Dog Bone Mold

Dog Bone Mold

    As I had mentioned in my last post, I am going to make a mold of the dog bone from that post.  In order to simplify it for the mold making process, I decided that it would be best if I removed the text from it.  If the text was left on the bone, then a draft would have to be put on all of the text in order to make sure it would come out of the mold.

The first step is to create a split line of the bone.  This is where the two halves of the mold will come together.  To do this, create a new sketch on the top plane as this plane runs through the middle of the bone.  Select the drop down arrow under convert entities and then select intersection curve.  Choose all the surfaces that intersect with that plane.  Next go under the features tab and click the drop down under curves and select split line.  Have the sketch that was just created selected and then choose all the faces that intersect that plane.  Another way of doing this is to not do the sketch and go directly to the split entities feature.  From there choose intersection, the top plane, and then choose all of the surfaces.  Both of these ways result in the same thing which is that all the faces that run through the top plane are now split in half.  The next step is to go under insert, mold, parting line and select the top plane as the direction of pull.  Under the parting line area choose all the lines that were just created using the split feature.

Once that step is done a parting surface needs to be created.  This is the surface that splits the mold up into its two pieces.  To do this go under insert, mold, then select parting surface.  For the mold parameters select perpendicular to pull and then choose the parting line that was created.  Under the parting surface tab, choose a distance for the offset which I choose to be 1.5 inches.  Click the checkmark and there will now be a surface that looks like a large flattened dog bone around the outside of the actual dog bone.  Next, a rectangle was drawn on the top plane that fit the boundaries of the parting surface.  The surface trim feature was then used, located under insert, surface, trim, in order to make the parting surface into a rectangle.  Once that is done, the next step is to create the blocks that will turn into the actual molds.  To do this, select tooling split under insert, and molds.  When prompted select the top plane for where the cross section of the mold will be.  Draw a rectangle that is the same size as the parting surface that was created.  Exit the sketch and then increase the dimensions of the block created so that it extends above and below the bone.  Click the check mark and now there is a rectangular box that is encompassing the bone.  To see the inside of the mold go under insert, features, then move/copy.  Select the top part of the mold and move it vertically upwards.  You can then hide the bone itself by hiding the parting line under the bodies’ folder in the feature manager as well as making sure that the surface bodies are also hidden.  These two molds could be saved as their own parts if wanted by right slicking the body and clicking insert into new part.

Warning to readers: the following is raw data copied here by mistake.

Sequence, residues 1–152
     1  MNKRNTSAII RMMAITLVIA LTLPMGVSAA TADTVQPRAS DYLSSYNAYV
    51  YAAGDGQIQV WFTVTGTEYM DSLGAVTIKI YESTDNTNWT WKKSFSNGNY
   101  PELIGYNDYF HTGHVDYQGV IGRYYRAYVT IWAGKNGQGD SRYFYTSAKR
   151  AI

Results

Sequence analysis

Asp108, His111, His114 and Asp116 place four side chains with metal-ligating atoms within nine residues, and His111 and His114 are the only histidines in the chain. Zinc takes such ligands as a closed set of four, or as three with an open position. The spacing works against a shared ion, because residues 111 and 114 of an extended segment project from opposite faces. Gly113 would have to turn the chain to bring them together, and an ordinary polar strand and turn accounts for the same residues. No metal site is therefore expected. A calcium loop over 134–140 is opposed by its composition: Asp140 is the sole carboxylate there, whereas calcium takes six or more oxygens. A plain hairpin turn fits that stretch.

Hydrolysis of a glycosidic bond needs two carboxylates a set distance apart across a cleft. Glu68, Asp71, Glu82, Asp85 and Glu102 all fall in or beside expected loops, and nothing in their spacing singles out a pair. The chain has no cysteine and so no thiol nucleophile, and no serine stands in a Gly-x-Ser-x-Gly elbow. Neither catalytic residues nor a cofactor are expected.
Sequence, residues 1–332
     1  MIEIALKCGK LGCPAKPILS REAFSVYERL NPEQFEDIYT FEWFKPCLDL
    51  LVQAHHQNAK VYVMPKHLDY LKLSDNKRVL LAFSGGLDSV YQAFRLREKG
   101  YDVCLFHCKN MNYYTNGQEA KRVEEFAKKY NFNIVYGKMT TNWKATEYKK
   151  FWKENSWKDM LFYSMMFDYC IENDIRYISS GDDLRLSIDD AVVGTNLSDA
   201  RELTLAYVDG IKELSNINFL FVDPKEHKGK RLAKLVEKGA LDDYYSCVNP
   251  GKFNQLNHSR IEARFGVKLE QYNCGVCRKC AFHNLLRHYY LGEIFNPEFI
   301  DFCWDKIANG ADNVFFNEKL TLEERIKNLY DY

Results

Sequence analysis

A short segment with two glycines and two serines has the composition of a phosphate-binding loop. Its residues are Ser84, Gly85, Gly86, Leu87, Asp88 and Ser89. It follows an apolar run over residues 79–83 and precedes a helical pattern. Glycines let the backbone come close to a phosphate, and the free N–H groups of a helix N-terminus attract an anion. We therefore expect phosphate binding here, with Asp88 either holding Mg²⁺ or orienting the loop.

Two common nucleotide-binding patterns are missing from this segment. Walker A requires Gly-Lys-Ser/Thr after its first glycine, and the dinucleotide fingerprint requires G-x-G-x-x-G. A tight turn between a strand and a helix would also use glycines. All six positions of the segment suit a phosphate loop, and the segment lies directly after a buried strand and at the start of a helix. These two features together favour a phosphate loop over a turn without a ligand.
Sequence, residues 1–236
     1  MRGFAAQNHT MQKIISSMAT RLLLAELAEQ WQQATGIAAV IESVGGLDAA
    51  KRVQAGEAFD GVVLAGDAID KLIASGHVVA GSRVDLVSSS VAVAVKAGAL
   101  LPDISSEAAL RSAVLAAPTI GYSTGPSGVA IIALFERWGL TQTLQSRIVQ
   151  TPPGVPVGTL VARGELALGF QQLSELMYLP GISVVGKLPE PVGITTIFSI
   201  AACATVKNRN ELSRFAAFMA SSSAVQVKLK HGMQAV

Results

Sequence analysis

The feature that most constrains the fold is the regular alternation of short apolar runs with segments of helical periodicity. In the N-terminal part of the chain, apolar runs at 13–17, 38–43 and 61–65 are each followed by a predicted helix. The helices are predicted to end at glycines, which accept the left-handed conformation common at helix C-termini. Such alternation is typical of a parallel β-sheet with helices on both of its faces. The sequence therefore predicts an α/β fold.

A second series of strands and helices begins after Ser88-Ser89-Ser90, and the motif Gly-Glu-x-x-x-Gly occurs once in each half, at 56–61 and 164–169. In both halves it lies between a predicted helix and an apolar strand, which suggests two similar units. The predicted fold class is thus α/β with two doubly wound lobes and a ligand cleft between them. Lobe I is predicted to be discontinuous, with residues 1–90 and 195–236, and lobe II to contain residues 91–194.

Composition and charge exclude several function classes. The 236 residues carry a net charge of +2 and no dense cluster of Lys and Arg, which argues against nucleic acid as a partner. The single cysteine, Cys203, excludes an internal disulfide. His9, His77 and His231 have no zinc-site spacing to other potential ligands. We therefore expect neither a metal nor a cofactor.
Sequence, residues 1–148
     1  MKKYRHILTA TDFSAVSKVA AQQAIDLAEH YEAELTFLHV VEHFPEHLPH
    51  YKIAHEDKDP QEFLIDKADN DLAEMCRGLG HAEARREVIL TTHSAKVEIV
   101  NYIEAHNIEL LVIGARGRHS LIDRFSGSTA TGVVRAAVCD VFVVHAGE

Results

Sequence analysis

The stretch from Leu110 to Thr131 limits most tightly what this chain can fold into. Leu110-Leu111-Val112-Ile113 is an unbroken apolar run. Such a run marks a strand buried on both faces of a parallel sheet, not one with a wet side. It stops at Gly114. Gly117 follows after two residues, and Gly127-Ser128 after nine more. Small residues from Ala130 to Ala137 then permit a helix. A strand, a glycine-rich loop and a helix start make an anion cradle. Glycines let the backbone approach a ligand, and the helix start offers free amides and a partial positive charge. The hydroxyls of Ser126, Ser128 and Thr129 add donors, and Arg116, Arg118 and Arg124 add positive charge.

This is how I created a mold for my dog bone feel free to download my model below.  This is a very simplistic mold as this is my first time making one.  Further things could be added to this mold such as a hole to fill the mold.  But I hope that I have given sufficient explanation as to how I created it in hopes that you will try to make one of your own.

Ian Jutras

Mechanical Engineering 2013

Worcester Polytechnic Institute


Download Dog Bone for Mold